If you prefer the taste over skim (and a big part of sticking to a healthy diet is loving what you eat) and don't consume a ton of red meat or cheese, then go ahead and choose a higher-fat milk, says Mc Daniel.
Whole: Best for: The occasional milk drinker It contains 5 grams of saturated fat per cup (nearly a quarter of your daily limit), but "if you're drinking one glass a day, I see no problem in it," says Mc Daniel.
Another perk: Research shows it contains more heart-healthy omega 3 fatty acids compared to non-organic milk, which costs less.But if omega 3s are your concern, you're better off eating a piece of salmon for dinner, she says.Though new research shows saturated fat from whole foods doesn't have an impact on cardiovascular disease and may even offer some protection, experts still suggest limiting it in your diet.So if you want whole milk, cut back on snack foods and sweets with saturated fat.Yes, cow's milk is healthy (but if you're lactose intolerant you may want to choose one of the non-dairy alternatives below).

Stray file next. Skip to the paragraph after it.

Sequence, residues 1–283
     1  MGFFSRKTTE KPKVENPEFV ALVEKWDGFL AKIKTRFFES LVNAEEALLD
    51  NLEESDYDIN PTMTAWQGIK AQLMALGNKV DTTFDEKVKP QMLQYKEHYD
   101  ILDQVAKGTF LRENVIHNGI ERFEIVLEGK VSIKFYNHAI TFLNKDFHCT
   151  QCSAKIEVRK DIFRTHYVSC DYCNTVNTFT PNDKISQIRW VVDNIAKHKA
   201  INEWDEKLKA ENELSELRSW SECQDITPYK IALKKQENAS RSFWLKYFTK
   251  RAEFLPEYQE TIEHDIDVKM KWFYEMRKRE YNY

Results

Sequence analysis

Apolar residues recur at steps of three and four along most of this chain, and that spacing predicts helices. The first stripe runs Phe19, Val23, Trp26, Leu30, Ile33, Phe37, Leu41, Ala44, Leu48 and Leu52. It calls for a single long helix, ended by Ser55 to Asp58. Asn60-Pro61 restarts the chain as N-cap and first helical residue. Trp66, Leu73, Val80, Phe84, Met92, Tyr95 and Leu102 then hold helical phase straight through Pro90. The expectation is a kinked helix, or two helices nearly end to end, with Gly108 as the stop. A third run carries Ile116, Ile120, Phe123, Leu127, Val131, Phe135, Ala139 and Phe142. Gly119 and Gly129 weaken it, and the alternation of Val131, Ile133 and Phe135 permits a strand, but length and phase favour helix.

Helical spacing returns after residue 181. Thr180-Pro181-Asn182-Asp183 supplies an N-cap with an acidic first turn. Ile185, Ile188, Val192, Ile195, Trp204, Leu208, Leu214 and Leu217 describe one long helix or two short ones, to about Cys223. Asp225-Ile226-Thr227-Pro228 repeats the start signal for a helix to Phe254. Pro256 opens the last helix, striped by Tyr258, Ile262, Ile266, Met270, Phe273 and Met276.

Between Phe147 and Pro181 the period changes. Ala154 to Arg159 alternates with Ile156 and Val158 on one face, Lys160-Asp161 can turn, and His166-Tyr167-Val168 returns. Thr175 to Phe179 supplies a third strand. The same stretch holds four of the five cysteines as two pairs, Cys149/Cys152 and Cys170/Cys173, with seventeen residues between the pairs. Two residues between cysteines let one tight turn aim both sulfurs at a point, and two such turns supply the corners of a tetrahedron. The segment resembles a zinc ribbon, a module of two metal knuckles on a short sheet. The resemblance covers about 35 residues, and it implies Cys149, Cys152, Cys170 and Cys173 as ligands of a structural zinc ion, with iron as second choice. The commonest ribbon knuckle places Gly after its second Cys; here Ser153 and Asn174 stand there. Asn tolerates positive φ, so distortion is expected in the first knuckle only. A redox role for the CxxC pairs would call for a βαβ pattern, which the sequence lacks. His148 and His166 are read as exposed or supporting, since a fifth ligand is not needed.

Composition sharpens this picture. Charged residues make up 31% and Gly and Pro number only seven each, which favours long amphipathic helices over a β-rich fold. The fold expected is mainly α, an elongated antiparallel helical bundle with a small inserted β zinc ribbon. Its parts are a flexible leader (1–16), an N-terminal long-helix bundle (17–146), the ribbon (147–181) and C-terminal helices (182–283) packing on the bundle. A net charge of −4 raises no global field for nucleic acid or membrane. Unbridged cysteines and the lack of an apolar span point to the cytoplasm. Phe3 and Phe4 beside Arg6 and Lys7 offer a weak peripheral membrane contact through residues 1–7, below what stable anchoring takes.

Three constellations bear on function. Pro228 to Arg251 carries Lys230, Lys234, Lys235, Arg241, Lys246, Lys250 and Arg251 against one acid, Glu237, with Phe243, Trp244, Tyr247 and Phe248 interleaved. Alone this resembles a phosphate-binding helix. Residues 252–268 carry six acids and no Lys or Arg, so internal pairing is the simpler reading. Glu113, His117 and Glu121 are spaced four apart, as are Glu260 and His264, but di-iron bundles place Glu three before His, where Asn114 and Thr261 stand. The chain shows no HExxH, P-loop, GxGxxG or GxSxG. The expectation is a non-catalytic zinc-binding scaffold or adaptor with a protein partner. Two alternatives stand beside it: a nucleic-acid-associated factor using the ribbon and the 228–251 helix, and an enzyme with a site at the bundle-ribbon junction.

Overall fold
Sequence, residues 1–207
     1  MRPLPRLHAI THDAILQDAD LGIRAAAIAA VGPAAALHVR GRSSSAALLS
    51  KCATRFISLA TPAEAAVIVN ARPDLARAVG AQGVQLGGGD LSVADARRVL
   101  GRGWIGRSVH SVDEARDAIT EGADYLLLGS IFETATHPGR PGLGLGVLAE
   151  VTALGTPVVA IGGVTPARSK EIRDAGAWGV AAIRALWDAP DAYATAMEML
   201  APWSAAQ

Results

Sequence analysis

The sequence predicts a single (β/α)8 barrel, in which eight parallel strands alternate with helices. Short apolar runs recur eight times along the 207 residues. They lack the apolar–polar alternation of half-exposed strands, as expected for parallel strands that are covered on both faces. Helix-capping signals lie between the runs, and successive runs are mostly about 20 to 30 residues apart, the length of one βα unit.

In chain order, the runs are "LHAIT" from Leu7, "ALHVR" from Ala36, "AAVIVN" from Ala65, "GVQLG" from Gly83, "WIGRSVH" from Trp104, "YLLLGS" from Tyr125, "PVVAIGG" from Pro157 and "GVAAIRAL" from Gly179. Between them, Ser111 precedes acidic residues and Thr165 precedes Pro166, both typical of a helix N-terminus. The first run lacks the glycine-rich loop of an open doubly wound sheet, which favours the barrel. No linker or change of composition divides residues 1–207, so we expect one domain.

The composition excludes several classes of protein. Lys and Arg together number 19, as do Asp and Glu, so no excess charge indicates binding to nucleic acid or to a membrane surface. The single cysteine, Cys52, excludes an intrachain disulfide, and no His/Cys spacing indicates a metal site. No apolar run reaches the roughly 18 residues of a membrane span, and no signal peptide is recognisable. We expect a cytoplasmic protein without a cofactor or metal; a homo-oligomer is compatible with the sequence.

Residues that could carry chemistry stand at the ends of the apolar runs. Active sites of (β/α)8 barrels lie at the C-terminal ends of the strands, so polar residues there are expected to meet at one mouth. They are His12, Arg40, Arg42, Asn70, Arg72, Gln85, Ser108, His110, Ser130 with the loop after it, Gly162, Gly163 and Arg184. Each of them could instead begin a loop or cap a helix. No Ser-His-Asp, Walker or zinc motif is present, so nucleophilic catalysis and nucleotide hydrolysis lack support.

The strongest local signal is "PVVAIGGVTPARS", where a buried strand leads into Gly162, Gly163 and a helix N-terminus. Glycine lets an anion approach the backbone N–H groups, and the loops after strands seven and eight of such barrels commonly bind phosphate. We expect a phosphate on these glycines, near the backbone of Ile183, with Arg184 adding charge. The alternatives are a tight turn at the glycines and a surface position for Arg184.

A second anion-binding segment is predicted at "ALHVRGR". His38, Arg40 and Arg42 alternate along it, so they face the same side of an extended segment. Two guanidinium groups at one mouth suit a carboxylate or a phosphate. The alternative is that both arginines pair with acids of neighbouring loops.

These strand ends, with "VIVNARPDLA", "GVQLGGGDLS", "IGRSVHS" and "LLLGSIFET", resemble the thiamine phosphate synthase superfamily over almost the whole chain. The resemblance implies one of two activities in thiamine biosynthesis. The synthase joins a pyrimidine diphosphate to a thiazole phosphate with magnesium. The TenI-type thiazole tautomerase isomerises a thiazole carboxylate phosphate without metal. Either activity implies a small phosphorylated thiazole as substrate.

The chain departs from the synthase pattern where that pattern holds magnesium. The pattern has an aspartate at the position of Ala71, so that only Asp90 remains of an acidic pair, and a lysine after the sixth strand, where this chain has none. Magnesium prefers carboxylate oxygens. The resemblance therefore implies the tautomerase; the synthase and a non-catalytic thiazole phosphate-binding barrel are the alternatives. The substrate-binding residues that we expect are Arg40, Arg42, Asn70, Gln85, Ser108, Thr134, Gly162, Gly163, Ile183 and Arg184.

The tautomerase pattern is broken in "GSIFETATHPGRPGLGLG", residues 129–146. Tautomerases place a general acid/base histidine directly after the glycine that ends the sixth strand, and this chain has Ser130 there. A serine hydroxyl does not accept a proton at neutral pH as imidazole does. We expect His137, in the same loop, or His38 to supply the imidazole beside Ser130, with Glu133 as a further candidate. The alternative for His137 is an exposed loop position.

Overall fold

"It's a nutrient goldmine because it contains vitamins and minerals many Americans lack in their diet, like calcium, vitamin D and potassium," says St.
Non-Dairy Milk If you're opting to ditch dairy because of digestive woes or ethical reasons, consider these: Soy Best for: When you want to replace the dairy in your diet Soy is most nutritionally similar to cow's milk.
"It's my plant milk of choice," says Sharon Palmer, a registered dietitian nutritionist and author of .
Ses mains parcourent mon corps, il me touche les seins et ma fente à travers le tissu.
Je lui signale que je suis encore vierge et que je ne suis pas prête à passer le cap, mais par contre, je suis capable de lui procurer du plaisir autrement.
So if you're drinking cow's milk which should you choose? Reduced and Low-Fat Best for: When you need more flavor The 1 and 2% varieties offer about 100 and 120 calories, respectively, per cup.